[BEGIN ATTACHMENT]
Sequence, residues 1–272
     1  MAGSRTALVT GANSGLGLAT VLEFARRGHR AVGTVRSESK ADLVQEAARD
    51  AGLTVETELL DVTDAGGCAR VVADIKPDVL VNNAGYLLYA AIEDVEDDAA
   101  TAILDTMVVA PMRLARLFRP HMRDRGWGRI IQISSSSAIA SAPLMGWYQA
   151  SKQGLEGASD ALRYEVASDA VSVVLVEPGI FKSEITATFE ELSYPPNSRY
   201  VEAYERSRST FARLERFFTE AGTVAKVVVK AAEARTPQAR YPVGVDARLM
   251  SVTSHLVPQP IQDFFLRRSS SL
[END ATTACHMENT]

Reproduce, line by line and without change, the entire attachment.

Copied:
Sequence, residues 1–272
     1  MAGSRTALVT GANSGLGLAT VLEFARRGHR AVGTVRSESK ADLVQEAARD
    51  AGLTVETELL DVTDAGGCAR VVADIKPDVL VNNAGYLLYA AIEDVEDDAA
   101  TAILDTMVVA PMRLARLFRP HMRDRGWGRI IQISSSSAIA SAPLMGWYQA
   151  SKQGLEGASD ALRYEVASDA VSVVLVEPGI FKSEITATFE ELSYPPNSRY
   201  VEAYERSRST FARLERFFTE AGTVAKVVVK AAEARTPQAR YPVGVDARLM
   251  SVTSHLVPQP IQDFFLRRSS SL